August 2019: More than 4100 planets are known to orbit stars far beyond the solar system, in planetary systems very different to our own. There may well be hundreds of billions of extrasolar planets in the Milky Way alone. These planets include planetary types not found among the eight planets that orbit our Sun, including mini-Neptunes, super-Earths, rogue or nomad planets and hot gas-giant planets. Are we therefore alone in the Universe? To answer this pertinent question, we seek to understand the formation and evolution of our own solar system and the reasons for this rich planetary diversity.
The Centre for Exoplanet Science brings together researchers from different disciplines to find out how planets form in different galactic environments, how their atmospheres evolve, and the relation between the evolutionary history of planets and the emergence of life. We are further interested in the moral, ethical and technical aspects of detecting existent or extinct extra-terrestrial life in distant exosystems, or within our own solar system, and the significance of such a discovery for our societies.
The Centre for Exoplanet Science builds on the rich legacy of the SUPA Astrobiology initiative.
The Centre for Exoplanet Science currently combines research from the School of Physics & Astronomy (Astronomy), the School of Earth and Environmental Sciences, the Department of Philosophy, the School of Biology, the Department of Social Anthropology and the School of Modern Languages (Russian) at the University of St Andrews.
We are collaborating with the Centre for Exoplanet Science at the University of Edinburgh.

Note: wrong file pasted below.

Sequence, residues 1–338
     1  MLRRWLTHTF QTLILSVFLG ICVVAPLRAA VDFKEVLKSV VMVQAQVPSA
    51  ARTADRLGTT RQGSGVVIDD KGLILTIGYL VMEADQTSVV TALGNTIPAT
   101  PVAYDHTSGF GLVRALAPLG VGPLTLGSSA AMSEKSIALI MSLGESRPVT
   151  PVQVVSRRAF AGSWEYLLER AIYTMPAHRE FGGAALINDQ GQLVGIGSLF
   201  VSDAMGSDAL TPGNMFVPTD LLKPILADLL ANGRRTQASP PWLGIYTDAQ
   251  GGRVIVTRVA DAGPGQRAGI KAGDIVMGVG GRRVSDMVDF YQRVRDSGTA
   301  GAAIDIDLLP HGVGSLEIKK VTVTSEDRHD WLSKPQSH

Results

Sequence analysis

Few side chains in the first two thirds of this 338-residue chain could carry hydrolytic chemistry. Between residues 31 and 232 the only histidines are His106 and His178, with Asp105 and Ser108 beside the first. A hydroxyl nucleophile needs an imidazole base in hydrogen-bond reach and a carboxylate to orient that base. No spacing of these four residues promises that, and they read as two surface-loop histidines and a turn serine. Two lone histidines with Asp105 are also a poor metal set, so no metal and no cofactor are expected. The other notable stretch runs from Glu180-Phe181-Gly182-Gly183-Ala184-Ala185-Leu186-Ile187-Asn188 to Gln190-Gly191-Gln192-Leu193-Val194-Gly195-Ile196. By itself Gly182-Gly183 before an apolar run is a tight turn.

StA-CES members present research papers from their research areas.
Contact: Patrick Barth, Ancy Anna John, Till Käufer.
The first StA-CES Journal Club of the theme "Observation" for the "Mapping the Approach to Exoplanets"–programme takes place on
Monday 17 May 2021, 13:00h on MS Teams.
Oliver Herbort will present a paper by Seager et al. (2016) on 'Toward a List of Molecules as Potential Biosignature Gases for the Search for Life on Exoplanets and Applications to Terrestrial Biochemistry'.
The theme of 2021 is "Mapping the Approach to Exoplanets":
1 March 2021 – Theme Value & Action
5 April 2021 – Theme Communication
10 May 2021 – Theme Characterisation
7 June 2021 – Theme Observation
All meetings are from 1–2pm and will be held on MS Teams.
Virtual Laboratories for Exoplanets and Planet-Forming Disks
Retrieving (from data), predicting (from detailed models) and thereby understanding the link between the chemical composition of planet-forming disks and exoplanet atmospheres is a challenging task. In the CHAMELEON Marie Curie Innovative Training Network (MC-ITN), we focus on the development of Virtual Laboratories which will be the crucial tool to analyse in detail current and future disk and exoplanet observations.
Virtual laboratories play a key role in simulating yet unexplored physico-chemical environments to answer the questions whether our Solar System is unique and how life emerged. In these Virtual Laboratories, we combine existing, well-tested theoretical modelling tools of varying complexity to explore their combined strength, limits, and the need for new techniques. Virtual Laboratories use advanced numerical and statistical methods that comprise input from astrophysics, computational chemistry, laboratory and theoretical physics, geosciences, mathematics, and computer sciences.